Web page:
BOWLING GREEN, KY (3/16/12) – Dr. Jefferson Cowie, associate professor of History and Industrial and Labor Relations at Cornell University, will present Western Kentucky University’s annual Lowell and Penny Harrison Distinguished Lecture.
Dr. Cowie will present “A Nation Without Class: The 1970s and the Origins of Our Own Time” at 7 p.m. April 5 at Van Meter Hall. The lecture, sponsored by WKU’s Department of History, is free and open to the public.
Dr. Cowie teaches labor and working-class history and his interests focus on workers and the problem of social class in the postwar United States as well as issues in international and comparative history, especially with regard to Latin America.
He is the author of Capital Moves: RCA's Seventy-Year Quest for Cheap Labor, which received the Philip Taft Prize for the Best Book in Labor History for 2000; and Stayin’ Alive: The 1970s and the Last Days of the Working Class, which won the Francis Parkman Prize by the Society of American Historians for the best book in American history, the Merle Curti Award by the Organization of American Historians for best book in social and intellectual history, and the United Association for Labor Education’s 2011 Best Book Award.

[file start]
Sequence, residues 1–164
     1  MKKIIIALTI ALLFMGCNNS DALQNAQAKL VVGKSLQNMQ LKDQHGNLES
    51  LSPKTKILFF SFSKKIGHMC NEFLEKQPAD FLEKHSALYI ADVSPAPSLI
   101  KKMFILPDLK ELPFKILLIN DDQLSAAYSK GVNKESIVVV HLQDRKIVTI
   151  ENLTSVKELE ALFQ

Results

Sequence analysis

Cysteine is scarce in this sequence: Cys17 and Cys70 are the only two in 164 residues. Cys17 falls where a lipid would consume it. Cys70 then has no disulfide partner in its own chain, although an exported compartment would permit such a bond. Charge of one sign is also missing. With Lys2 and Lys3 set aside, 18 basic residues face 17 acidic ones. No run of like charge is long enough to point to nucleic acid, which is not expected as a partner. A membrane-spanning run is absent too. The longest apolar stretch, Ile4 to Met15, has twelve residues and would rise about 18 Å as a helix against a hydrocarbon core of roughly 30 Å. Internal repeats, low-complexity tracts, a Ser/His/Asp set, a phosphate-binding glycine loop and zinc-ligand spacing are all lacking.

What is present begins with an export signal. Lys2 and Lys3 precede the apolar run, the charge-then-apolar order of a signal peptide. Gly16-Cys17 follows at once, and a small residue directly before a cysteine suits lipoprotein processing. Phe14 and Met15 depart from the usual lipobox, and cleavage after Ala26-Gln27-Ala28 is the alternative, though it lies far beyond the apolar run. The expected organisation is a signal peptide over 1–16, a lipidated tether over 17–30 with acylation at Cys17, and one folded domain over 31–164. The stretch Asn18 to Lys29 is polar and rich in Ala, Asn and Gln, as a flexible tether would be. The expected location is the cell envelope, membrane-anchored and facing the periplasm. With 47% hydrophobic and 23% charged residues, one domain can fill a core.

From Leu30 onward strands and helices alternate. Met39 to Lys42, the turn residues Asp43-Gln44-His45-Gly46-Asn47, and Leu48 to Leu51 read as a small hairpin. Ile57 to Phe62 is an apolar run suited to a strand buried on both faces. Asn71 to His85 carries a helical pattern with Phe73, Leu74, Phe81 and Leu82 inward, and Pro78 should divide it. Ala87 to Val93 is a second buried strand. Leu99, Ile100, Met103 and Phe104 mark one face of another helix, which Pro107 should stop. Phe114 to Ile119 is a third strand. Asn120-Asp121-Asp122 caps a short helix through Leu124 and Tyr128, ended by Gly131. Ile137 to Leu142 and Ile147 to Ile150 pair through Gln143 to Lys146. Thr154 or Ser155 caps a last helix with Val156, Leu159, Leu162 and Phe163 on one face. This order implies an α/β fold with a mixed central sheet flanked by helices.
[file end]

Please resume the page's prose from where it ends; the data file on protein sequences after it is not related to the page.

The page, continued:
Dr. Cowie, who is co-editor of Beyond the Ruins: The Meanings of Deindustrialization, received his bachelor’s degree in history from the University of California at Berkeley in 1987 and his Ph.D. from the University of North Carolina at Chapel Hill in 1997.
Information provided by WKU
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